Finding Shoes When Dealing With Bunions

If you have bunions, you know how difficult it is to find comfortable shoes. Bunions are malformations on the outside of the joint where the big toe meets the foot. These growths alter the shape of the foot, making it painful to wear almost all shoes. In fact, many people with bunions opt to go barefoot as much as possible when at home, for that very reason. Eventually, though, you need to wear shoes. Here are some helpful tips from your Austin, TX podiatrist for finding shoes when dealing with bunions.

Shop at Wide Width Stores

There are some specialty shoe stores online that specialize in shoes in widths from D on up to EE and maybe even wider than that. Getting wide shoes helps to ensure that you don’t irritate the bunion by having a narrow width. This will reduce the possibility for pain as well as help prevent your bunion from getting worse.

Try Shoes With Elastic Bands Across the Top

Some shoemakers are more sensitive to the needs of those with bunions. There are certain styles of shoes that have elastic bands across the area where your bunion is. This allows more people to fit into the shoe size comfortably.

Opt For Shoes With Gaps on the Sides

In summer, you’ll find more shoe selections with straps instead of a full enclosure. These often have gaps right where the bunion is, allowing absolutely no friction on your bunion from the shoe. Many women find this style both flattering and comfortable, in particular.

Get Treatment For Your Bunions

Of course, the best shoe solution for your bunion is to have the bunion treated. Treatment for bunions in Austin, TX is available at your podiatrist’s office. Contact us today to find out what treatments might be available for you.

Tips For Going Barefoot in Summer

One of the oldest joys of summer is being able to go barefoot. Going barefoot in summer is not without risks, so your Austin, TX foot specialist wants you to have some tips to keep your bare feet safe.

Wear Sunscreen

Even if you choose not to wear shoes, you still need some sort of foot protection. The tops of your feet are prone to sunburn just like other areas of your skin. Slather a deep layer of waterproof sunscreen on the tops of your feet, toes and ankles, being sure to smooth it into the crevices between your toes. Reapply after going into the water.

Be Sure Your Tetanus Shots Are up to Date

Booster tetanus shots are recommended every ten years. If your foot is accidentally punctured or scraped by a rusty metal object, at least you might avoid serious tetanus illness.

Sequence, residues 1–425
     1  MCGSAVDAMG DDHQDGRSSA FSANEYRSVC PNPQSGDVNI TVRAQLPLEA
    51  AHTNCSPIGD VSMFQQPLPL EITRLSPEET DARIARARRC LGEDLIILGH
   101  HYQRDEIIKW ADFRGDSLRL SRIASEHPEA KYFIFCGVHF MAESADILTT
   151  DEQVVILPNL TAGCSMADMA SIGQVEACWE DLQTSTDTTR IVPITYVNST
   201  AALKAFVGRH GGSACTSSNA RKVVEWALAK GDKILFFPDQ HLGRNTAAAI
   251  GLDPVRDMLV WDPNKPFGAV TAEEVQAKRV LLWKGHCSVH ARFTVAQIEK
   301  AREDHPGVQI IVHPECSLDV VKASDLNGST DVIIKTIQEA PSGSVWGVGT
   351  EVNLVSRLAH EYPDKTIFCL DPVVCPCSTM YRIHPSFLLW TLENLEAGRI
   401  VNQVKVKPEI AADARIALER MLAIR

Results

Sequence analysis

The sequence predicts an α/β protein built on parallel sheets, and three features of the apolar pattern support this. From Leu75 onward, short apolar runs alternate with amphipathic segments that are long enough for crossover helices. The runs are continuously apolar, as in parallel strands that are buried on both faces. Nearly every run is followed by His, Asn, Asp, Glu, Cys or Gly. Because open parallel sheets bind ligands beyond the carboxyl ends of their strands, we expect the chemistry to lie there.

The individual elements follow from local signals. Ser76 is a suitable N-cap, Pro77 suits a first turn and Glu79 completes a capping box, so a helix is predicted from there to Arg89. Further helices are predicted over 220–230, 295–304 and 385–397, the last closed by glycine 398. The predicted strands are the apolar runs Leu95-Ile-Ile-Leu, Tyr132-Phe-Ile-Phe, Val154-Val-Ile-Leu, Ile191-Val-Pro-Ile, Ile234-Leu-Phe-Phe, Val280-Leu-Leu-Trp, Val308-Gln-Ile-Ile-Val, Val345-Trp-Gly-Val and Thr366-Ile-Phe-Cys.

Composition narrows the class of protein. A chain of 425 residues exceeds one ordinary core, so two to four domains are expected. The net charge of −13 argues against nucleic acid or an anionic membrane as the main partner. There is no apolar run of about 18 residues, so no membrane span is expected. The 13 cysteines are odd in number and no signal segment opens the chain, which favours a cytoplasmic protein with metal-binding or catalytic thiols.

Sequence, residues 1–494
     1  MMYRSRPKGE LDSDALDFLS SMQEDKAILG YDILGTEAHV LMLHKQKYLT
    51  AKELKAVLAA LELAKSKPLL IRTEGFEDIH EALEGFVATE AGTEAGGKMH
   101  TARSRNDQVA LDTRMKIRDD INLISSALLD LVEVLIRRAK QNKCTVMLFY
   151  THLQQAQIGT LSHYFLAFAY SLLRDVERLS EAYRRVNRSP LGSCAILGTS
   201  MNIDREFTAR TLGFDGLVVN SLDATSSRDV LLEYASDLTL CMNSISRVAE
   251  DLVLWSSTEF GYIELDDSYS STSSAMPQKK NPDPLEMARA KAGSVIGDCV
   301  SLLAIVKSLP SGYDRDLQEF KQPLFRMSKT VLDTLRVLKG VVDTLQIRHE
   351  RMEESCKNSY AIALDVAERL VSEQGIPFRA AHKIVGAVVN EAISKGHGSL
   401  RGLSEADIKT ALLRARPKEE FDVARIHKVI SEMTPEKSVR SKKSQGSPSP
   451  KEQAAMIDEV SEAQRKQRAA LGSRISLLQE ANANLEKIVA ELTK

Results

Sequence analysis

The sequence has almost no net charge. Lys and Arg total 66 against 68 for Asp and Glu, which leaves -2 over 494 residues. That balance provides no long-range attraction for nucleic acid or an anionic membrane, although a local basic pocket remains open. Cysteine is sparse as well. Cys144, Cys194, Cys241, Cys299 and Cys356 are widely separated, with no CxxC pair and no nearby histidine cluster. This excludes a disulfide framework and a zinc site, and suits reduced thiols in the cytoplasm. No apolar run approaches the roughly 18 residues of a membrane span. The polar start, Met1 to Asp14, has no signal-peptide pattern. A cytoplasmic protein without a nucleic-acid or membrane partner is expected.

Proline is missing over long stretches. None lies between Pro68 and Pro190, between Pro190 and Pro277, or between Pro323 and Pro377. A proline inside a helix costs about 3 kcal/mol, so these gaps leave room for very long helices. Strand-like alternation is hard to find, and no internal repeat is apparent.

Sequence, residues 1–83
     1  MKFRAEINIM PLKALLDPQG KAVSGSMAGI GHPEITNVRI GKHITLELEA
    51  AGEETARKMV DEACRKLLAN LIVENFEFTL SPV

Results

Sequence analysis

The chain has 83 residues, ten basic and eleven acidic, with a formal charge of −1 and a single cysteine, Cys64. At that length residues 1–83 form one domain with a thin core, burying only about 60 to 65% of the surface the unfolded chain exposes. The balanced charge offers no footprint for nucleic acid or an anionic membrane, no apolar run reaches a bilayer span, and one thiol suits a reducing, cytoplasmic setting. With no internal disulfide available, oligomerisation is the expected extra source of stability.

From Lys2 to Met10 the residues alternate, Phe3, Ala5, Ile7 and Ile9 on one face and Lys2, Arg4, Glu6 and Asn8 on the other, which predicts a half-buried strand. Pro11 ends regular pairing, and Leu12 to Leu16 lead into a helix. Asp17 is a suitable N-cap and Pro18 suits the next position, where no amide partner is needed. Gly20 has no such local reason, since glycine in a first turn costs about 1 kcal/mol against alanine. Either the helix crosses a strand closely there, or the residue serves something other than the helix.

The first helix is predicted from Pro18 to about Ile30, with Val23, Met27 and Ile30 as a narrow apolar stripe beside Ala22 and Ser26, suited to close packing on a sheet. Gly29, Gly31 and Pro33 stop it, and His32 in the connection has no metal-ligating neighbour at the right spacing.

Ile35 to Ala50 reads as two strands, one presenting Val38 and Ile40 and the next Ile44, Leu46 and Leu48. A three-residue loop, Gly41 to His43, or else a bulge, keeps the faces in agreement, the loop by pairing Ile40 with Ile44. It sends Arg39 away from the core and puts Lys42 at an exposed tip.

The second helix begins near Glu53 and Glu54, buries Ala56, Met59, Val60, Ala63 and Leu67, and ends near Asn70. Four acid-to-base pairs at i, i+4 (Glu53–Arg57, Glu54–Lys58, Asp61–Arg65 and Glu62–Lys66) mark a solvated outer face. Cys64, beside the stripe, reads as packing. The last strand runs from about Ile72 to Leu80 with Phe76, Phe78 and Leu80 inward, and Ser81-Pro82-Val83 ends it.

Inspect Feet

After walking barefoot, take a rest and inspect your feet, including the bottoms and in between toes. Take your time with this inspection, because insect bites can appear as very hard to see, small red dots that can be easily overlooked. You might not always feel a recent injury right away, especially if you have an underlying disorder, such as diabetes. Also, small insects are attracted to the spaces in between your toes, so be on the lookout for any “stowaways.”

Avoid Going Barefoot in Tall Grass

Even in your own backyard, tall grass can hide dangers to bare feet. You never know what creature you might accidentally disturb, inciting a protective bite to your precious feet. The safest time to go barefoot in the backyard is after a fresh mow, when slithery creatures (yes, garden snakes) are more likely to hide away in their underground home.

If you run into any problems while enjoying barefoot time this summer, don’t hesitate to contact your Austin, TX podiatrist for care and treatment.

Common Symptoms of Neuroma of the Foot

Oftentimes, patients that visit a podiatrist for diabetic foot care in Austin, TX suspect diabetic neuropathy is causing nerve issues in their feet. However, sometimes, a neuroma of the foot can be to blame. While a neuroma of the foot is nerve-related, they are a separate issue, and the symptoms can be slightly different. Take a look at some symptoms of a neuroma of the foot.

Pain in or Between Your Toes

You may experience pain that feels like it is radiating from either your toes or somewhere in between your toes. The pain may even be most prominent in the forefoot, which is the ridge of tissue that runs just behind your toes. For a lot of people, this means more pain when taking a step since the forefoot and toes are used to propel the body forward while walking.

Odd Nerve Sensations After Long Periods on Your Feet

Neuromas can cause odd sensations in different parts of the foot, but this usually happens after long periods of standing. For example, you may feel like the ball of your foot is numb or prickly and tingling. Or, you may have issues with certain toes having no sensitivity as if they have fallen asleep.

Feeling Like You Have Something in Your Shoes

A lot of people that have a neuroma of the foot will come to a podiatrist with the complaint that it feels like they always have something in their shoe. You may feel like there is a tiny, pea-sized stone just under the ball of your foot when you take a step, for example.

Talk to a Podiatrist in Austin, TX for Help

Ready to discuss nerve issues in your feet with an Austin, TX podiatrist? At the office of Dr. Jefferey Lamour, DPM, PA, we can help. Reach out to schedule an appointment with the foot doctor for a closer look and proper diagnosis.